“Season one was rustic, utilitarian, rural Scottish, lots of fireplaces and castle interiors but season two is 18th century France and more expensive, more detailed. It’s exquisite, compared to cabbages and mud, although we loved that too. We had things made, like the Jacobite glasses and pots for the apothecary,” says Cromwell.
“We went to Paris, to Versailles, and looked at things like door handles, things that tourists don’t realise they look at, to get it right. It’s the most beautiful decadent period of art and culture and Paris was the hub.”
It’s dazzling, but it’s in the apothecary that you really want to roll up your sleeves and get in amongst the jars of dragon’s blood, taxidermy, unicorns, squid and skulls. This is where science, magic and medicine converge at a time when cows’ dung was applied to clear plooks and epilepsy ‘cured’ by drinking water out of the skull of a person who had committed suicide.
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“We’ve got about 200 skulls in here now,” says Cromwell. “Some are real,” she points out a sabre tooth tiger and a hyena, but her favourite item is a jar of squid she plucks from a shelf. “We had to get some new ones because they’re just kept in oil. You can’t use formaldehyde because it’s flammable.”
This is the domain of Master Raymond, the apothecary, played by Dominique Pinon, and a draw for Claire, whose medical knowledge has come in handy in 1743. Pinon is a familiar face from Alien: Insurrection, Amelie and Delicatessen.
“I love the apothecary and spend most of my time in there. It’s amazing, such detail,” he says. “Master Raymond is a mysterious character who deals in herbs and strange products. He has a special bond with Claire which may be something to do with time travel, but I can’t say,” he says, enigmatically.
The costume department is our next stop, where we meet head of costume, Terry Dresbach in her world of swatches and dummies. Dresbach has a staff of 70 and can claim to have kick started the journey that led to this whole warehouse of fantasy on the edge of Glasgow, since she is the one who first introduced her husband Ronald D Moore to Diana Gabaldon’s books.
“I was a costume designer and between movies was reading the books. I was so taken with Claire and that the hero was a woman. Ronald said ‘what is that book that looks like it’s been dragged behind a car?’ So I told him and he said, ‘it’s a TV series.’ He dragged me kicking and screaming with him because at first I didn’t want to take on something as big as this.”
And big it is. For series two they have made over 10,000 new items and dyed 5,000 shoes, and 500 costumes have just been shipped to Prague where the outdoor French scenes are being shot.
As Dresbach points out, you can’t buy 18th century costumes so they have to be made with 20th century materials. The necessity to make them fast and affordably has meant the discovery of new skills and techniques worthy of the alchemy of Master Raymond. Tartan has been screenprinted – there are five registered Outlander tartans – and for the French season, stencilling embroidery has been used, especially by textile artist Helen Gallogly.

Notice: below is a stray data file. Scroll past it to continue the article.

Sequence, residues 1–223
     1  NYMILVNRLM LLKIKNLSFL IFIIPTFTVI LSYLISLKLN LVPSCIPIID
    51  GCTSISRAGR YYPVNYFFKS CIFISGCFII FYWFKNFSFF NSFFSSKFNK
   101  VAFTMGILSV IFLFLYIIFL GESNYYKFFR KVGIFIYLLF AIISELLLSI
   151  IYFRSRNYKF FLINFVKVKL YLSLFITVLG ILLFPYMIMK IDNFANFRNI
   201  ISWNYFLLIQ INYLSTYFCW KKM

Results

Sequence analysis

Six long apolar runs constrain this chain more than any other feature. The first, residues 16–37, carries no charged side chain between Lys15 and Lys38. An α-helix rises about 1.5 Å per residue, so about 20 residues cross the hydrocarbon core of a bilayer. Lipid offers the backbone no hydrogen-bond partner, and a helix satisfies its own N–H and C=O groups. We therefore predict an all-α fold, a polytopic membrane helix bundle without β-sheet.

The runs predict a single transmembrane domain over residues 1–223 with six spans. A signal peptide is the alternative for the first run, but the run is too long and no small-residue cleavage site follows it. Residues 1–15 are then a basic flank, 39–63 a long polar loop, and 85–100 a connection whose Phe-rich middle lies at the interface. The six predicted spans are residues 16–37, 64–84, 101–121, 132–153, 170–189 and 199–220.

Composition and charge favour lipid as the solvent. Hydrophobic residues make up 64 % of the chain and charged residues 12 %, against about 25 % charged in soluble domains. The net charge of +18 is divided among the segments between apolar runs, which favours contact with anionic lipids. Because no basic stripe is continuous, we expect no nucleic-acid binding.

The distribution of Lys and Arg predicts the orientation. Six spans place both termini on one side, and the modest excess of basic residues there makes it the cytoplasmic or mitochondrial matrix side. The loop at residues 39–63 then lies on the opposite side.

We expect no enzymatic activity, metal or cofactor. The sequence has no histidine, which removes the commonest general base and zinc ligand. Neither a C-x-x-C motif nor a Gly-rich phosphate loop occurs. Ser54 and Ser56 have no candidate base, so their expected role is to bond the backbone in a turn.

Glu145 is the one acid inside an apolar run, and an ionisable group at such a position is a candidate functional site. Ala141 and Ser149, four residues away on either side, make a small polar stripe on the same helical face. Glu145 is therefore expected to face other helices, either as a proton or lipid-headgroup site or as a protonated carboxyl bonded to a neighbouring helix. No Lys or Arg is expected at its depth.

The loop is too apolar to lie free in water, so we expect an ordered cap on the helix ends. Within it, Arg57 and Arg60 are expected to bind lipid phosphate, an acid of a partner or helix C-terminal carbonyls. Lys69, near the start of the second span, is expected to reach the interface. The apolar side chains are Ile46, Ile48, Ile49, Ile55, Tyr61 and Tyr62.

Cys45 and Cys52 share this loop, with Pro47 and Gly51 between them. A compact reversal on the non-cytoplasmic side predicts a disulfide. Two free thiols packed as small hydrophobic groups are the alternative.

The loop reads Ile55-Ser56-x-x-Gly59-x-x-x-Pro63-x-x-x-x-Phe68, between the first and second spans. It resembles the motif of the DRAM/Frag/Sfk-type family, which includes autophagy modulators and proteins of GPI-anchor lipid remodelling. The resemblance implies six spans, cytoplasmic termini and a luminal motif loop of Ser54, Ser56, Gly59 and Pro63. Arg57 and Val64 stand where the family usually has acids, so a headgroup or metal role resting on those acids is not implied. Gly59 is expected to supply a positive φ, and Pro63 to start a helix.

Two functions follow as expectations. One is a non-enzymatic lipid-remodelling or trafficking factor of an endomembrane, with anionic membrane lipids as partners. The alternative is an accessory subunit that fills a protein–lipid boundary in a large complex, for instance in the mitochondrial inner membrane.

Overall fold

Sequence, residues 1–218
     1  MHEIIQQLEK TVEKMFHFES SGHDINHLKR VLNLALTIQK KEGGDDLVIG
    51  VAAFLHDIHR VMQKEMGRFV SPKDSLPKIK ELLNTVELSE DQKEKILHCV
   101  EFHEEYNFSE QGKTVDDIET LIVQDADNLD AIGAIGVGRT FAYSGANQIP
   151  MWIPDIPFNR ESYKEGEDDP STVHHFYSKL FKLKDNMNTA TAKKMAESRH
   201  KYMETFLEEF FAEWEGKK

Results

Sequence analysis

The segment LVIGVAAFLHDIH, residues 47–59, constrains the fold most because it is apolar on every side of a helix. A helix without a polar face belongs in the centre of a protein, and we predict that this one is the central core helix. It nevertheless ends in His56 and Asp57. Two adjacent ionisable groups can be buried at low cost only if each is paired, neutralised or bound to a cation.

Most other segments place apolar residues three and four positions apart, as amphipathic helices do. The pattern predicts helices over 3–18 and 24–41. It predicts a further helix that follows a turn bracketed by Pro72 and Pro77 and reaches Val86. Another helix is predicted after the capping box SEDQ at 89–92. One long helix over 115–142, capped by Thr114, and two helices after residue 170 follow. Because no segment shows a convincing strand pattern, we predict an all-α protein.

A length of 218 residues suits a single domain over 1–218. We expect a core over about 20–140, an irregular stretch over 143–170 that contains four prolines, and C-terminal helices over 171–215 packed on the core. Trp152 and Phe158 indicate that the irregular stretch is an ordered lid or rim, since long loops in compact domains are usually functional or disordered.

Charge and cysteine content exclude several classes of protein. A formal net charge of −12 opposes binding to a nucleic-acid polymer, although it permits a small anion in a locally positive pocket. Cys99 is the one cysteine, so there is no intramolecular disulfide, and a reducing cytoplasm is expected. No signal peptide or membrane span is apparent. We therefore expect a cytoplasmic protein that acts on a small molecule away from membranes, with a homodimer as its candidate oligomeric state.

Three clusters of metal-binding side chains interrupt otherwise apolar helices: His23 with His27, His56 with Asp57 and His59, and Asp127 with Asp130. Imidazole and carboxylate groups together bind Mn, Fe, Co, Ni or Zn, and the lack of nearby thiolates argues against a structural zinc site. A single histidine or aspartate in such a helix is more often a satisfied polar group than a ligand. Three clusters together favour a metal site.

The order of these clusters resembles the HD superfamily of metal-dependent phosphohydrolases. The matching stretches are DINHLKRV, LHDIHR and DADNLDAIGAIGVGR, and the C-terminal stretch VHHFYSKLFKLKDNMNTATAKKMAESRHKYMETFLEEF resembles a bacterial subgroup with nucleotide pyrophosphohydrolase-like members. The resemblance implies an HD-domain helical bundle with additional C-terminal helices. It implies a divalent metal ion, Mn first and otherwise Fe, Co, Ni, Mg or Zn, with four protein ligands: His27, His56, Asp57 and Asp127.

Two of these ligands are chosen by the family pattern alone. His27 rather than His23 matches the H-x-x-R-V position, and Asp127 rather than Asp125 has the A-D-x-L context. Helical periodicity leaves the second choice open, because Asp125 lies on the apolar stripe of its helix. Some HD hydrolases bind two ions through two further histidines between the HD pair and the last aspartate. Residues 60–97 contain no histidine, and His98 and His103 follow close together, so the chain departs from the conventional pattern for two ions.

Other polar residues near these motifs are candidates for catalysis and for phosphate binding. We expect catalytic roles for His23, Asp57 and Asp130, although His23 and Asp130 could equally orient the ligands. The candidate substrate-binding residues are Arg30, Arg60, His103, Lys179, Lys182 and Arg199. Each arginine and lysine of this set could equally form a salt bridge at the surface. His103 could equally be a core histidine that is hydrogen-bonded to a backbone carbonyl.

“It would take two months to embroider one coat the way they did it, but we had to make 1,000 of them. So muslin and calico become couture silk. And we never have enough buttons – we needed 50,000 – so we make them ourselves. And 18th century shoes, we dye and age them.”
This is done in the excellently-named Dyeing and Ageing, where costumes are attacked with cheese graters, burned with blow torches, and aged by tying them up with string and baking them. Dyes are named ‘squashed raspberry’ and ‘wet grass’, and there braid is darkened and silver jewellery turned to gold. In a sealed room ‘breakdown artist’ Kirsty Steele, is wielding a spray gun, turning a new white shirt old and grey.
“We are scrupulous about making everything authentic, constantly researching and checking,” says Dresbach. “And that’s what translates on screen. This is where it all gets real. We create that world.”
Also visiting the studio this season was Diana Gabaldon, who has been on set writing episodes and honing the script, as well as marvelling at the detailed sets.
“They did a fabulous job with the production, every detail,” she says. “The Parisian interior and apartment they designed for Jamie and Claire is so opulent, and then the rooms back in Scotland, just amazing.”
It all started for Gabaldon with a man in a kilt, inspired by Frazer Hines as Jamie McCrimmon in a 1966 series of Dr Who. “I had a regular Highlander in Scotland in 1743. Then I thought I must have a female character to play off the guys, so on day three I introduced Claire, a modern woman. She walked in and started making smartass comments, and that changed the whole shape of the story. Time travel. It became ‘a stranger in a strange land’, the outsider who is empathetic with the audience, discovering a strange landscape and people.”
And the rest is history. Or sci-fi, or romance. Whatever the genre-bending Gabaldon makes of it and with nine books so far, will there be a third season?
“We hope to do all of the books eventually,” says co-producer Davis. “I hope Starz and Sony agree. As long as Diana keeps writing it, we want to keep making it, bringing the books to life.”
• Outlander season two is available on Amazon Prime from tomorrow. Outlander prequel ebook novella, Virgins by Diana Gabaldon is out now